Another shriek strikes me. The gas-lamp above me explodes. My knees buckle. I flail about to catch hold of something and find only air. The ground gives another heave beneath me, and I fall.
The paving-stones smash into my side. Walls and doors wheel around me in a mad kaleidoscope of stone. With every spin the vourdalak stalks closer, jaws dripping slime…
The dizziness pins me to the ground. I gasp a breath, fighting my twisting insides, reaching within myself, searching for a change, any sign of—
The Dead creature crouches. My hand closes around the shaft of my glaive. I jam its base into the ground and shove myself to my feet, too late. The vampire springs.
A mass of slimy flesh barrels into me and throws us both down. Its jaw unhinges like a python’s. I ram the shaft into the vampire’s neck, shoving it back as its teeth gnash and its claws rip through cloth, raking over the links of my chainmail. Then it wrenches the glaive out of my hands and lunges for my throat.
Its jaws clamp down on my gorget. Fangs snap. I grab the vourdalak’s shoulders, shoving at it. My fingers sink into its slug-like flesh. A horrible smell crawls down my throat, a reek like a dead rat rotting inside a wall.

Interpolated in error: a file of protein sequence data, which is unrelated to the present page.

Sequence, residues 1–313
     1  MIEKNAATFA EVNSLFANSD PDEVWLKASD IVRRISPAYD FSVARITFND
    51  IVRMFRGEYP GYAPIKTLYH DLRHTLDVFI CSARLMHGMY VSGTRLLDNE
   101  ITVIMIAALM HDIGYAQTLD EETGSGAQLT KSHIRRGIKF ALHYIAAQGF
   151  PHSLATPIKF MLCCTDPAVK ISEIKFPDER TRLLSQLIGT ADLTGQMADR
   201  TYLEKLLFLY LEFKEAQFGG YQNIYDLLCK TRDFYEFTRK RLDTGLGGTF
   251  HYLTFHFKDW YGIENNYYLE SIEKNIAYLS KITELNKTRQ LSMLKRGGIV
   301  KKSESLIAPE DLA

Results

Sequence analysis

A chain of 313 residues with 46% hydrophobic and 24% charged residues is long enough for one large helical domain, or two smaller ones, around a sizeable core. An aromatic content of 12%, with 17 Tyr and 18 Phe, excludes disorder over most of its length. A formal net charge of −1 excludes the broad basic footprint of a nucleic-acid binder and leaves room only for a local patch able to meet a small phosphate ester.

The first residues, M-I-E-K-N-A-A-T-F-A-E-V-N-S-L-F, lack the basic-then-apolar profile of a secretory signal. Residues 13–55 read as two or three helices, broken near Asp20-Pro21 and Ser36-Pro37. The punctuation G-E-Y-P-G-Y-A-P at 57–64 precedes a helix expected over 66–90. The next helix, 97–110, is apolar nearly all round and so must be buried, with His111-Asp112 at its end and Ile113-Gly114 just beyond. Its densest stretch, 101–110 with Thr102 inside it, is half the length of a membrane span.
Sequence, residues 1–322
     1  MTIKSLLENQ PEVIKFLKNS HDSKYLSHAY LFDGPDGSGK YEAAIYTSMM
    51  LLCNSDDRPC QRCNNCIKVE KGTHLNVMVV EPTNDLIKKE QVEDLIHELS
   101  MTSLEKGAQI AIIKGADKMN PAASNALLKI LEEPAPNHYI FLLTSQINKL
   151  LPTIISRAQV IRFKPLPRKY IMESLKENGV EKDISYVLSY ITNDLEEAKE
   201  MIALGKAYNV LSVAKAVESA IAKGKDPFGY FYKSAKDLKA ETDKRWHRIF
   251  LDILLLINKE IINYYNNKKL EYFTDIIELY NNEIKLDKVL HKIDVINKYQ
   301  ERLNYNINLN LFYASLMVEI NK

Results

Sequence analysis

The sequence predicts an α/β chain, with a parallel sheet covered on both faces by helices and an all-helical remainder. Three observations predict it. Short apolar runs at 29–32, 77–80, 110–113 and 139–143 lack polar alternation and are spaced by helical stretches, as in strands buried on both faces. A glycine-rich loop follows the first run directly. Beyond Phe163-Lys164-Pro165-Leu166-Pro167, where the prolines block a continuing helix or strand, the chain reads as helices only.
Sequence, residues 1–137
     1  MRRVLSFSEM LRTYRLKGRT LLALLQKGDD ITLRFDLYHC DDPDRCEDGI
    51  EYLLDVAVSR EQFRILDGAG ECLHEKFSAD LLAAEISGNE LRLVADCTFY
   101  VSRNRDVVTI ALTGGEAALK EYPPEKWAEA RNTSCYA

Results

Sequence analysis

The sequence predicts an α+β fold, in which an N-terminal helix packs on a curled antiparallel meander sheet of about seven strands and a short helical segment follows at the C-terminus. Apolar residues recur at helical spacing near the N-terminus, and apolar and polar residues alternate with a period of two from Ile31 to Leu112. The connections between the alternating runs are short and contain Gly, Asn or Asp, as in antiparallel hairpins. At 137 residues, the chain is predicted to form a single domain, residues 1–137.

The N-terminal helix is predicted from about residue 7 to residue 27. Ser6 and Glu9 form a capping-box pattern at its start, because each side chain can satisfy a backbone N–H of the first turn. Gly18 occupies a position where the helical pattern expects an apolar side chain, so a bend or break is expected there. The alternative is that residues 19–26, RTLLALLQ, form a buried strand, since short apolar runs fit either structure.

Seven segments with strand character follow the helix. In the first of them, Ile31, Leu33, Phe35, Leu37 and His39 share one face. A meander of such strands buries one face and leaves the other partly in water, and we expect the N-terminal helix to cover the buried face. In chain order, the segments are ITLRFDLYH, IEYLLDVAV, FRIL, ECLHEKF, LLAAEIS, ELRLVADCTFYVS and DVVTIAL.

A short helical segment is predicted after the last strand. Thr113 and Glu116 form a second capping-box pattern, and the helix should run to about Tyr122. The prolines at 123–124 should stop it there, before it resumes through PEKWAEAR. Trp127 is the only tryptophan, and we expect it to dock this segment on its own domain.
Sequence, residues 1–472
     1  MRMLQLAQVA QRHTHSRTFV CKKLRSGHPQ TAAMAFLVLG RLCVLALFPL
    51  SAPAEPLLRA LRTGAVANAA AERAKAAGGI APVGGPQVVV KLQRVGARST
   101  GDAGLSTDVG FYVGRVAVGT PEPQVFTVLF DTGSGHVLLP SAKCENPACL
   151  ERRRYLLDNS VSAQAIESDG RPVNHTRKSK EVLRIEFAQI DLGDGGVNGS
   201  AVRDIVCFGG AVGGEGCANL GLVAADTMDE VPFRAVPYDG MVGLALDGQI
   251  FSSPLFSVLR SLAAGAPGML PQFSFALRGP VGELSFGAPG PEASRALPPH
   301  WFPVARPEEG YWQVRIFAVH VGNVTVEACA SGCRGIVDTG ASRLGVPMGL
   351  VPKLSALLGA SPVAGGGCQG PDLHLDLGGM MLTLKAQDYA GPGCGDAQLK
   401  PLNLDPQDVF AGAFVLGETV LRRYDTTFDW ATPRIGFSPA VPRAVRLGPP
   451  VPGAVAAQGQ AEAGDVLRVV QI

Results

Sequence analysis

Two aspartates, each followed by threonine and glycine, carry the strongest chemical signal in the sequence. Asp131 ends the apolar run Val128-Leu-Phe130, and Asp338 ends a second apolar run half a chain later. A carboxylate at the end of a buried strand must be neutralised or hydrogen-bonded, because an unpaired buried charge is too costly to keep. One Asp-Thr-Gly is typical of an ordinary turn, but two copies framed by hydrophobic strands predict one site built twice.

The vourdalak’s jaws close. Metal creaks. My gorget begins to bend.
I swing my fist into its head. The Dead creature’s bite only tightens. My gorget crumples, crushing my throat. Fog shimmers at the edges of my vision, darkening, until with one last scream I grab the vourdalak again and shove with all of the strength I have left.
The cold in my marrow surges like lightning. The vourdalak’s teeth tear out of my gorget. The vampire hurtles away from me and smashes into a high window. It tumbles down and lands on the footpath in a heap, shards of glass raining down around it.
I roll onto my feet, coughing. The crumpled gorget jabs into my neck. The coldness and its strength burn within me.
The vourdalak stirs. I snatch my glaive from the ground as the vampire climbs to its feet, shards of glass sticking from its flesh like spines, its head lolling limply onto one shoulder. It takes hold of the crown of its skull and jerks it back into place with a crunch.
Its chest expands as it draws breath. I raise my glaive and charge at it. Its mouth gapes again.
My eyes close. I swing the glaive like an axe. The blade bites into flesh and shears through with the sound of a cleaver chopping meat. A spray of cold slime spatters my face. A mass strikes the ground with a wet thud.
The sound of my breaths is a hurricane roar. The cold and the strength dissipate, evaporating like rising steam.
I open my eyes. A heap of flesh and jutting bone sprawls on the ground before me. A head lies paces away, its mouth stretched into a wide twisted scream.
The vourdalak’s body gives a violent shudder. Its joints spring apart. The entire corpse falls to pieces, rotting, but the two dead eyes remain, sinking into the putrid black pool, staring at me…
From the door with the wreath comes the scraping of a bolt, the turning of a lock.
I wheel about and run, away from the door and the Dead creature, into the dark.